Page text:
As some of you may know and others of you do not, a muse is basically an inspiration for an idea. According to Wikipedia, upon which so many of us depend on for quick knowledge, Muses “are the goddesses who inspire the creation of literature and the arts. They were considered the source of the knowledge, related orally for centuries in the ancient culture, that was contained in poetic lyrics and myths.” They were Greek goddesses and many poets and writers of the time would ask for their guidance at the beginning of their writing, as Dante Alighieri did in the quote above.

When I’m writing I tend to refer to my little inner voice that inspires me as my ‘Muse.’ If you are a writer, you probably have your own version, where sometimes it seems like words flow out of your mind like a river and you are just along for the ride. As if you are just the conduit, a source for the words to burst out of.

I’ve just taken that feeling and personified it into my Muse. She’s a spiteful creature whose contrary nature tends to drive me insane and she often seeks forgiveness by giving me writing ideas at times when I am unable to write. She thinks it’s funny to take a nap when I have an essay due and whispers to me while I am driving in my car and there isn’t a single piece of paper nearby for me to write ideas upon. I’ve had her fall into a coma for a couple of weeks when I had to write a poem every other day for a class and I’ve had her whisper to me in class so I’m writing furiously to get the ideas down rather than paying attention to the lecture. Basically, she is, if you will excuse my language, a bitch.

Yet, I love that little voice. Whenever she speaks to me, I get really excited and desperately rush to write things down before she goes away. The problem, though, is when she abandons me for a long period of time and it is absolutely essential that something is written. I’m sure you are familiar with this type of problem; it is usually referred to as ‘writer’s block.’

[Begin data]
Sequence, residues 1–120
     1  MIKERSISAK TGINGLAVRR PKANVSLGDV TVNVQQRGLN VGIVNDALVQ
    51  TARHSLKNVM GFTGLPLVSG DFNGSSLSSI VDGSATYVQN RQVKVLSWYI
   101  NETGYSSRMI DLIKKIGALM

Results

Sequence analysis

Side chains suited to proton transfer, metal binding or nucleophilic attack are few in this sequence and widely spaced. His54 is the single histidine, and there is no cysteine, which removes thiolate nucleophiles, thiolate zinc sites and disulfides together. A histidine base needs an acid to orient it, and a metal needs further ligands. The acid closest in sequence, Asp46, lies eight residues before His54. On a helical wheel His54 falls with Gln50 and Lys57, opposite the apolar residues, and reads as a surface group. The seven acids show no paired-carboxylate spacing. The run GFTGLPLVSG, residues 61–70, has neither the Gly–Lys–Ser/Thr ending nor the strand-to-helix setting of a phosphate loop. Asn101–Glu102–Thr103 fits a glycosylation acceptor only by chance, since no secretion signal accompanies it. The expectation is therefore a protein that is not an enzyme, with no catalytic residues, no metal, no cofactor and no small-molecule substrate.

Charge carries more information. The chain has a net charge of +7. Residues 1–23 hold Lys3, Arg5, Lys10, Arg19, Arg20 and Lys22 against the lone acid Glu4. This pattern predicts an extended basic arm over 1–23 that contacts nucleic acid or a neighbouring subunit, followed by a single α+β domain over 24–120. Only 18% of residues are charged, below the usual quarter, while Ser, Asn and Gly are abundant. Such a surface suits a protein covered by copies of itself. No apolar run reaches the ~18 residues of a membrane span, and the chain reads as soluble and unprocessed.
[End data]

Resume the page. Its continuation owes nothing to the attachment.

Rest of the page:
Everyone has suggestions for how to break the block. Some suggest just leaving your project for a little while, which I admit works if it is a short time break. The problem stems from the fact that, very often, writer’s block is a long term occurrence.

For this problem, the main suggestion I’ve received is to ‘just start writing.’ While this does sometimes work when I am writing a creative piece, it fails miserably when it comes to essays. It seems that stress is the only thing that is able to prod my Muse into wakefulness and it is dangerously easy for her to roll over and go back to sleep.

That is when caffeine becomes a key factor.

Drink coffee, pop, energy drinks, whatever hits your fancy. Then, when the energy hits you, sit down and write furiously. Don’t think too much about it; going back and editing is far easier than creating words to put upon the page. Skip your intro and just dig into the meat of the matter. Quote like a fiend and use synonyms to make barely passible sentences into matters of genius.